The direct contradiction – the conflict – between what Mary says and what she thinks tells us a story all by itself. John’s eager handshake and smile tell us he has warm feelings for Mary. Her ‘stretched lips’ may look like a smile to John, her words suggest she is happy to see him and she accepts his hand – all of which communicates a falsehood to John – and only the reader knows.

Thoughts are unspoken dialogue, between the character and the reader. Many writers use italics, as I do here, so the reader understands this is internal or indirect dialogue, others prefer not to use this device. It’s up to you – your choice, but do ensure the reader, by one method or another, knows what is going on.

Rule number six: Direct dialogue is only one facet of human communication and writers should use indirect dialogue (body language, action and thoughts) fully conveying the character’s message. This way, we avoid ‘floating’ dialogue.


Perhaps the most common error I find in the amateur work I edit and coach is the misuse of dialogue tags. Did I say misused? I meant tortured.

“You are not going!” Mom exclaimed.

“I am too,” Lori argued.

“Your mother said no,” Dad declared, while standing in the doorway blocking the exit. “And you will listen and do as you’re told.”

“Like hell,” Lori snorted. “I’m eighteen. You can’t make me do anything.”

“So long as you live under my roof –“ Dad roared angrily

“—I’ll do as you say,” Lori declared, sticking out her chin. “What are you going to do about it; lock me in my room?”

“If I have to,” Dad bellowed his hand curling into fists.

“Oh, dear,” Mom moaned.

The whole point of those mechanisms we use to present conversation is that they should be invisible. Many new writers, in an attempt at artistry forget that. Running to the thesaurus for two dozen synonyms for ‘said’ is counterproductive to the desired unobtrusive nature of writing techniques. These colorful tags draw attention, and detract from the dialogue.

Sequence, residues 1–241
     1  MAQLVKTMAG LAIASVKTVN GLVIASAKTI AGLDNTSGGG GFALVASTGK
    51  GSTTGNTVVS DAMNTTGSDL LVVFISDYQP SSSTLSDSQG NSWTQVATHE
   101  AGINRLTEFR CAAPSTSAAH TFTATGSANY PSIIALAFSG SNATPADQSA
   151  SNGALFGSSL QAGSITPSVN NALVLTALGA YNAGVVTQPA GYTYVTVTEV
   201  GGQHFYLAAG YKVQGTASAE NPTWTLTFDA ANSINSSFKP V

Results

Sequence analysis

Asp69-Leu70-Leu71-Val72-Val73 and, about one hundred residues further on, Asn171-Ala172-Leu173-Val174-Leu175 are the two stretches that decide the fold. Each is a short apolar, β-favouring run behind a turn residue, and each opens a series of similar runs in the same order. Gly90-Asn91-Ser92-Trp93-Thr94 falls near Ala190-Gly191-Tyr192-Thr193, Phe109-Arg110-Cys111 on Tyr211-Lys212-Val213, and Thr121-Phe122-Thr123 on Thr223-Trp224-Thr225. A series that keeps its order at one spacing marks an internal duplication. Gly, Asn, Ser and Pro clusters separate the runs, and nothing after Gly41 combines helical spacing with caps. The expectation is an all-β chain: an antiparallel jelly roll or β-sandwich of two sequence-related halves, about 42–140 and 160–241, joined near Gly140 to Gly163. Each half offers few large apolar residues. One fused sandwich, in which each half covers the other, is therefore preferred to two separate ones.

And to be honest, it is impossible to snort, sneer, gasp, moan, chuckle or blast words.

Much better to do away with dialogue tags wherever and whenever possible, and when they are necessary, stick to ‘said’. Said is invisible. We don’t see it, because it is so common, therefore it does not intrude.

This is not to say we can’t ever use a more colorful tag, but keep it to rare occasions. I like ‘Dad bellowed’ and might want to keep that one. The rest – along with the adverbs – need to go. ‘Angrily’ is not needed, and is nothing but clutter. ‘Mom exclaimed’ is redundant, considering we’ve already used an exclamation point (which is another thing that should be reserved for very occasional usage. Never try to make up for weak word choice with punctuation.)

Instead of tags, try anchoring dialogue to a speaker with action. So, here we go:

“You’re not going,” Mom said.

“I am too.” Lori stamped her feet and placed her hands on her hips.

“Your mother said no.” Dad stood in the doorway, blocking the exit. “And you will listen and do as you’re told.”

“Like hell. I’m eighteen. You can’t make me do anything.”

Dad pointed at her. “So long as you live under my roof --”

--“I’ll do as you say.” Lori stuck out her chin. “What’re you going to do – lock me in my room?”

“If I have to.” His hands curled into fists at his sides.

“Oh, dear,” Mom said.

Rule number seven: Dialogue tags should be used only when necessary, and in the most unobtrusive method possible.


New writers love to clutter their writing. This is true. They cannot let a single opportunity go by without seizing it and filling it with words. Dialogue is no exception.

“Is he cute?” asked the bubbly, long-blonde haired, naturally suntanned girl, her crystal blue eyes twinkling in amusement.

Oh. Aside from the fact the description gags in my throat, such things do not belong attached to dialogue. So if we must use these details, how about another way.

“Is he cute?” She tossed her head to make her long blonde hair fly over her shoulders, the way the models do in TV commercials. She batted her heavily mascara-encrusted eyelashes, drawing attention to her blue eyes, a la Scarlett O’Hara. “Well is he?”

Well, I don’t like her any better, but at least now, she shows some character.

“You know I don’t believe in abortion,” the old woman said, rocking her chair back and forth furiously, wondering what she could say to change her mind. It was wrong, she knew it was wrong and she didn’t want to see the girl burn in hell. What could she do?

“This is my choice, Grandma,” she said, patiently, shifting from one foot to another, uncomfortable and wanting to put an end to the conversation. “This is the modern world and women are in charge of their own bodies.”